Honestly, the best thing I can say about your “care” is that we’re not in it right now.

Of course, if I am totally and absolutely honest, there is no way I could remember you with kindness; and with cause! Three ICU nurses succeeded themselves in charge of my son’s care. Nurse 2 was the one who first gave him to me, intubated as he was, and let me nurse him. And even took a few pictures. Nurse 3 is the one who smilingly waved goodbye when the doctors from the other less-advanced hospital came and took him away. You? You were the one who told me that I shouldn’t touch my newborn when I first reached him, as he lay in your ward, having gone almost 30 hours before meeting his own mother. Nevermind that touching him (as soon as your back was turned and your colleague replaced you) caused my milk to come in; nevermind that shortly after I first held him, he seemed to somehow be less tense, less frightened, and began to very swiftly stabilize.

Now, I don’t know how you justify the act of depriving a newborn of comfort and depriving a mother of her child. And to do it not because of the medical care the child requires, but because “he will be tense afterwards” no less (I remember your exact sentence: “gespannt” is, I believe, the German word you used) I suspect that, like many medical practitioners, the traumatic things you’ve seen in life have somewhat inured you and made you less receptive to human pain and suffering. And for this you have my deepest sympathies and kindest thoughts. No one should have to live like that.

But let me be clear: for your inconsiderate handling of my son? Yeah, you still suck.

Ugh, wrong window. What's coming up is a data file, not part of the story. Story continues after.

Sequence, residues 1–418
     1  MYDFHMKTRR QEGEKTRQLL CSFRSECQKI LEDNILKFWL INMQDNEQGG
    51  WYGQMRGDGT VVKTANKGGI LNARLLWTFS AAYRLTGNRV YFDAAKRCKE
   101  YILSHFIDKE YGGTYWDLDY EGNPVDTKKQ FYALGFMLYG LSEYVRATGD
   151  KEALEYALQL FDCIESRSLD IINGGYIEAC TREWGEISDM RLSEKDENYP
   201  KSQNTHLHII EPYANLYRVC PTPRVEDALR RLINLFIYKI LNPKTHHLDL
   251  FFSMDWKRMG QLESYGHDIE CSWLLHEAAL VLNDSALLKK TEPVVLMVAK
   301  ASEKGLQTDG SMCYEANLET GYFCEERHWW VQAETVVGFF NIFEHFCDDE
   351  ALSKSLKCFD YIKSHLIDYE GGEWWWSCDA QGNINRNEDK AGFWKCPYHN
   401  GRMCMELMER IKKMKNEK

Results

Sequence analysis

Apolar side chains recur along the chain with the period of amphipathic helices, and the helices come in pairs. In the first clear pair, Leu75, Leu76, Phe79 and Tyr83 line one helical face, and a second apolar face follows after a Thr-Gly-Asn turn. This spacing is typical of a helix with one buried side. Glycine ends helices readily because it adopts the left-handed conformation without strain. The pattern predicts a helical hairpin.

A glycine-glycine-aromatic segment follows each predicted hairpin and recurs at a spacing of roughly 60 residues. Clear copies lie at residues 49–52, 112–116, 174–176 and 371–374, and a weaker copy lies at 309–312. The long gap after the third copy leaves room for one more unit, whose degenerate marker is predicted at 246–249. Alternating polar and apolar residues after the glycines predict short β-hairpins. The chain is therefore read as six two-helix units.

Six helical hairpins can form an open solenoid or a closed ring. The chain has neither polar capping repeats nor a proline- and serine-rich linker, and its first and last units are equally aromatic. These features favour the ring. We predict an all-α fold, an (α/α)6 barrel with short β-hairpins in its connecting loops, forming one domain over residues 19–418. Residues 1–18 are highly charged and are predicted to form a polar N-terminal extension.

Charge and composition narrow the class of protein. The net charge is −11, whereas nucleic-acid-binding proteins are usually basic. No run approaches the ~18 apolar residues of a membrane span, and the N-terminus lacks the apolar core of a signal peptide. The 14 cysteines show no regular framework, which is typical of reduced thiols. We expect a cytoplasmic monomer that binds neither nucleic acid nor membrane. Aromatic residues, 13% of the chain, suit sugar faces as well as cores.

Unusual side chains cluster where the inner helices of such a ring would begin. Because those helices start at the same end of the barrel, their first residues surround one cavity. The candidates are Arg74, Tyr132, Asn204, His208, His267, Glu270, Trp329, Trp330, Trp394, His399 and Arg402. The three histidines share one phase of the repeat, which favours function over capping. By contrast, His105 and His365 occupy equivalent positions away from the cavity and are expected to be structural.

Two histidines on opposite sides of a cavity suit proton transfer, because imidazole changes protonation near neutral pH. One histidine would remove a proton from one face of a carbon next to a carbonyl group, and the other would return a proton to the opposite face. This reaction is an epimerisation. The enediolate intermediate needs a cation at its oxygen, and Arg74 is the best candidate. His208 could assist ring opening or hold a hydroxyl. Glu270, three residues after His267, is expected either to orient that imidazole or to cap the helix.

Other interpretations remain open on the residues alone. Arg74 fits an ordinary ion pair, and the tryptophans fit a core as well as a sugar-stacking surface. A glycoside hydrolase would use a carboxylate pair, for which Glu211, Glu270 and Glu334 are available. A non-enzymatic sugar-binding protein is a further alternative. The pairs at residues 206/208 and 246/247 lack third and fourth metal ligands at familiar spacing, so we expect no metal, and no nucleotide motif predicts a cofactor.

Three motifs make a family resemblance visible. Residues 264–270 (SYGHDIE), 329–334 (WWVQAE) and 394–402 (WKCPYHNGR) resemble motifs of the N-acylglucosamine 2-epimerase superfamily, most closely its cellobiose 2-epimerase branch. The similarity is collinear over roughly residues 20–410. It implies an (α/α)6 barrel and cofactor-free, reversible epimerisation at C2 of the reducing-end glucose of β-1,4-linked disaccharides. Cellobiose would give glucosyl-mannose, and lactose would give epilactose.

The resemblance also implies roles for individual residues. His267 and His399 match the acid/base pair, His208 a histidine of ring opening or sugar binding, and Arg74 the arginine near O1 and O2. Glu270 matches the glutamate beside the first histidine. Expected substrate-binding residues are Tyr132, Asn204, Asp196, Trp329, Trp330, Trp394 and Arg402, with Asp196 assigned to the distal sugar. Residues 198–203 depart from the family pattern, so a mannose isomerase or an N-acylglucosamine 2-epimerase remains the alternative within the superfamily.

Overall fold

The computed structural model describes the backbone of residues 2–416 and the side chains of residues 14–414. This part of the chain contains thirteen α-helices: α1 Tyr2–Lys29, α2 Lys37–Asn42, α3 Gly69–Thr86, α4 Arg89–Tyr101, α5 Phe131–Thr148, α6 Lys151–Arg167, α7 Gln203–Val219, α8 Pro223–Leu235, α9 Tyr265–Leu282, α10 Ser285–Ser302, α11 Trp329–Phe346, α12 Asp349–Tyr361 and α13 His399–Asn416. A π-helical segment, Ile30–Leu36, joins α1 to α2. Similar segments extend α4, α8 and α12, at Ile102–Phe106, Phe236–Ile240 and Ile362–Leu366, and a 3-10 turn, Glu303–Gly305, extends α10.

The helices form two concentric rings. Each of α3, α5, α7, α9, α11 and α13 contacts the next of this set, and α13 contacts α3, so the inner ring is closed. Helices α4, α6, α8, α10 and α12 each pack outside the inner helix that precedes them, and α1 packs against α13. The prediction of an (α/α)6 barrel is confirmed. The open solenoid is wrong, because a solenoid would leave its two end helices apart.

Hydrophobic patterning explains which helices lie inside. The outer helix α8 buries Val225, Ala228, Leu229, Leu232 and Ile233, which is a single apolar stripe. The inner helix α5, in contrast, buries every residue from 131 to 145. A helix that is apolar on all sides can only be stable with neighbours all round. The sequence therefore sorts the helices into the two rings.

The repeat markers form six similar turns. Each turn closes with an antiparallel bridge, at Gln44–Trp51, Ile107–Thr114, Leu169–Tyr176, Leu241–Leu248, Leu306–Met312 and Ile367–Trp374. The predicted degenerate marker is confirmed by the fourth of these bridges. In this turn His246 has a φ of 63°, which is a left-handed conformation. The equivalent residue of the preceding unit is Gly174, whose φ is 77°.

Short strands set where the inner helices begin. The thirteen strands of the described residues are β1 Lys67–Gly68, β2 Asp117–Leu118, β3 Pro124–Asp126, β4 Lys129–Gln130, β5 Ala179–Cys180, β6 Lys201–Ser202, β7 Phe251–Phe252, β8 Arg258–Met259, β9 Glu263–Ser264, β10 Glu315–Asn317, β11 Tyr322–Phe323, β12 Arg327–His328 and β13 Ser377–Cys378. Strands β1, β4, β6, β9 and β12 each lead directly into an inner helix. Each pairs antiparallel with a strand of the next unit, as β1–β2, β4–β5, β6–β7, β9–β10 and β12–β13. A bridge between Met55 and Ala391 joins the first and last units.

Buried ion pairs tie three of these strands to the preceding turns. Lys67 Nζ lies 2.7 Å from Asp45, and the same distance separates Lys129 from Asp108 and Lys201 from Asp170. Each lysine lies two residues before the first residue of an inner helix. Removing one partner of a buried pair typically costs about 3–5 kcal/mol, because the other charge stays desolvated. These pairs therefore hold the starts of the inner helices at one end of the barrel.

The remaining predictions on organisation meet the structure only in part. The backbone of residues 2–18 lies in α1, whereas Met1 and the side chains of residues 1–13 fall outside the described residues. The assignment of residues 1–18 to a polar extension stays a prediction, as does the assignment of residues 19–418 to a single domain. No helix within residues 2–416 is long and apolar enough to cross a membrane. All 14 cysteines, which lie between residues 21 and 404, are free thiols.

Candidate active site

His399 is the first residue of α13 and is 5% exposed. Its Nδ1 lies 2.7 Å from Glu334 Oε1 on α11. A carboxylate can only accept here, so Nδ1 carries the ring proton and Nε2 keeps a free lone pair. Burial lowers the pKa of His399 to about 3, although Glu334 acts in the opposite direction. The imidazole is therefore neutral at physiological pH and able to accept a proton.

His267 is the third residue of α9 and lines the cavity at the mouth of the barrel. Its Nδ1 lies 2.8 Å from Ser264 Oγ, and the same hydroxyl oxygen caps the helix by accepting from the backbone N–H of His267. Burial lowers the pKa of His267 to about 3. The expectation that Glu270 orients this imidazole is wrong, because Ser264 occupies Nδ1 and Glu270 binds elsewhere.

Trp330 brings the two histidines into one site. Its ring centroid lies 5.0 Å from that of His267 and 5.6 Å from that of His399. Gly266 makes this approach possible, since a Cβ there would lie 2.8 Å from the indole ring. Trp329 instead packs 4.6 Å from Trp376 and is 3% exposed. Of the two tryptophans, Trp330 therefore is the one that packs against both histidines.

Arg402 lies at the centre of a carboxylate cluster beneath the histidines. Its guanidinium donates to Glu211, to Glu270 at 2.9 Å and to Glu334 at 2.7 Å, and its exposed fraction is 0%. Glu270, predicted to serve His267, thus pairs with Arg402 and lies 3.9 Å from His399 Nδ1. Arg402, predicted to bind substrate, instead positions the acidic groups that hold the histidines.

The “companion” with the drainage tube and the small bottle of blood

Yes, yes, I do realize this is probably the weirdest title yet on my blog. But there is a reason for it.

About 24 hours after my son was born, the hospital I had him in managed to figure out which of the 3 higher-ranking hospitals (the immediately-larger one, the big-regional one, or the advanced national) he was going to stay at, and arranged for me to be transferred there to be with him.

And that is when the trauma, that I had until then managed to avoid, caught up with me.

Now, I recognize that the hospital we went to was large and had lots of important patients, as well as a great purpose in teaching young people. But to me, it was a rat-cage_ one in which I had been locked up. I felt unwelcome in the specialized ICU station, where my baby was being treated (the nurse who shall be the subject of tomorrow’s post no doubt contributed to this, right from the moment when she said to me “do not touch him_ you’ll just get him excited!”; not touch my newborn son for the first time ever after a day of longing? I’m thinking an avalanche of words, none too complimentary). But more importantly, I felt like everyone was discreetly or indiscreetly trying to inform me that my status, such as it was, was “baby’s traveling companion who somehow freeloaded on us”.